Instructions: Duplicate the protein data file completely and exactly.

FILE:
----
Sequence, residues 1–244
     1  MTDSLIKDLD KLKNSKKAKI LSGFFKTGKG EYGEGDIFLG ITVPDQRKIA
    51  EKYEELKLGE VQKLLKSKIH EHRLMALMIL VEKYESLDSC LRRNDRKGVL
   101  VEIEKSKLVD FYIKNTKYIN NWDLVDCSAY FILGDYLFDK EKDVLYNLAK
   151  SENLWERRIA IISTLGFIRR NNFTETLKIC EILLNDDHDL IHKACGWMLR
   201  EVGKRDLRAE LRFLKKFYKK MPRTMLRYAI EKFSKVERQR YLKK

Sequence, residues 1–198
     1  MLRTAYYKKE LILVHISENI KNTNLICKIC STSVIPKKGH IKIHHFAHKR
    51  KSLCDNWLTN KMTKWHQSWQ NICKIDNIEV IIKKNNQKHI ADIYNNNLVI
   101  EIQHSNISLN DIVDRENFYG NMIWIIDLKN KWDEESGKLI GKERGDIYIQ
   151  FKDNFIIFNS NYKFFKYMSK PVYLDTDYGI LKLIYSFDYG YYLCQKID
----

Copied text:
Sequence, residues 1–244
     1  MTDSLIKDLD KLKNSKKAKI LSGFFKTGKG EYGEGDIFLG ITVPDQRKIA
    51  EKYEELKLGE VQKLLKSKIH EHRLMALMIL VEKYESLDSC LRRNDRKGVL
   101  VEIEKSKLVD FYIKNTKYIN NWDLVDCSAY FILGDYLFDK EKDVLYNLAK
   151  SENLWERRIA IISTLGFIRR NNFTETLKIC EILLNDDHDL IHKACGWMLR
   201  EVGKRDLRAE LRFLKKFYKK MPRTMLRYAI EKFSKVERQR YLKK

Sequence, residues 1–198
     1  MLRTAYYKKE LILVHISENI KNTNLICKIC STSVIPKKGH IKIHHFAHKR
    51  KSLCDNWLTN KMTKWHQSWQ NICKIDNIEV IIKKNNQKHI ADIYNNNLVI
   101  EIQHSNISLN DIVDRENFYG NMIWIIDLKN KWDEESGKLI GKERGDIYIQ
   151  FKDNFIIFNS NYKFFKYMSK PVYLDTDYGI LKLIYSFDYG YYLCQKID